|While we have encountered artifacts left by the Knights Templar in many areas and several countries the site in Rakvere, Estonia stood out from the rest. Traveling by bus for approximately an hour and a half from the Estonian capital of Talin we passed through an interesting country side while enroute including some very intriguing circular Viking burial mounds. The site itself was a partially restored fortress a top a large hill in Rakvere which gave it a great vantage point over the City and surrounding area. Within its walls there lay a veritable treasure trove of artifacts and recreations. From armor to swords to jewelry and plague chambers the fortress had some of each and more. Much of the site was poorly restored and difficult to reach but Tanner scaled every available inch of it anyways and collected a great number of photographs on which we would later call for inspiration. While I was inspecting the artifacts in the lower portions of the fortress I would catch glimpses of Tanner two stories above me peaking out of narrow windows are strolling across the walkways between the fortresses towers and snapping innumerable photographs. According to our guide this site was not only once occupied by the Knights Templar but, at a later date, the Teutonic Knights as well making it all the more special of a location.|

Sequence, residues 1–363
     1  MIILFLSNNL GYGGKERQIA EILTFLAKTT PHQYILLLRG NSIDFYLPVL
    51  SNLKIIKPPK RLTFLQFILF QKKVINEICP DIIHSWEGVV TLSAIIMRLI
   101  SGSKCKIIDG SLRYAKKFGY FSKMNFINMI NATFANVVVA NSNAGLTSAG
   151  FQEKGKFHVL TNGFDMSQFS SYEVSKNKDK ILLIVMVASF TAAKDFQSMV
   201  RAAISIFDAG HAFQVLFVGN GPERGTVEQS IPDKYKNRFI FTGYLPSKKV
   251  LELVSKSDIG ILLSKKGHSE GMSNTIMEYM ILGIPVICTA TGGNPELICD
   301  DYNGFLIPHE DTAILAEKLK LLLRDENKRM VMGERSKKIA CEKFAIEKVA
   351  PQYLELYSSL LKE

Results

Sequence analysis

Belt buckle based on the Crown of
A photograph I took at the Muttart Conservatory
in Edmonton of a Crown-of-thorns or
Euphorbia milii plant. I used this image to make
the Crown of Thorn items you see about that
went perfectly with the copper icon above.
The Cave of the Apocalypse entrance.